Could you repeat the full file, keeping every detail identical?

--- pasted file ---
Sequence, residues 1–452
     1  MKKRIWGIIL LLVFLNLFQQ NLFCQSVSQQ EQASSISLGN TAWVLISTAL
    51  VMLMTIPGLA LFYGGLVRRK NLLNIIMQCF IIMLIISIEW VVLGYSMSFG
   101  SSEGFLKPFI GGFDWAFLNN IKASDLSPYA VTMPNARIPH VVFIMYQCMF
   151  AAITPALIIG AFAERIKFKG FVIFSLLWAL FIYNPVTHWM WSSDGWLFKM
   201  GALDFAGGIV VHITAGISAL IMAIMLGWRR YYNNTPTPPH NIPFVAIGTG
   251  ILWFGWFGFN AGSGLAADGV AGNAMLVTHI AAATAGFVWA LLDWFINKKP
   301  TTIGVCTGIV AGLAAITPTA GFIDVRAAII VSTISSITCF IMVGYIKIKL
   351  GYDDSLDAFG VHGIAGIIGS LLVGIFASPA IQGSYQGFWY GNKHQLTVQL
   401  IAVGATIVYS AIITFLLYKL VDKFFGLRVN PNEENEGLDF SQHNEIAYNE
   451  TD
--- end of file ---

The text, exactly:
Sequence, residues 1–452
     1  MKKRIWGIIL LLVFLNLFQQ NLFCQSVSQQ EQASSISLGN TAWVLISTAL
    51  VMLMTIPGLA LFYGGLVRRK NLLNIIMQCF IIMLIISIEW VVLGYSMSFG
   101  SSEGFLKPFI GGFDWAFLNN IKASDLSPYA VTMPNARIPH VVFIMYQCMF
   151  AAITPALIIG AFAERIKFKG FVIFSLLWAL FIYNPVTHWM WSSDGWLFKM
   201  GALDFAGGIV VHITAGISAL IMAIMLGWRR YYNNTPTPPH NIPFVAIGTG
   251  ILWFGWFGFN AGSGLAADGV AGNAMLVTHI AAATAGFVWA LLDWFINKKP
   301  TTIGVCTGIV AGLAAITPTA GFIDVRAAII VSTISSITCF IMVGYIKIKL
   351  GYDDSLDAFG VHGIAGIIGS LLVGIFASPA IQGSYQGFWY GNKHQLTVQL
   401  IAVGATIVYS AIITFLLYKL VDKFFGLRVN PNEENEGLDF SQHNEIAYNE
   451  TD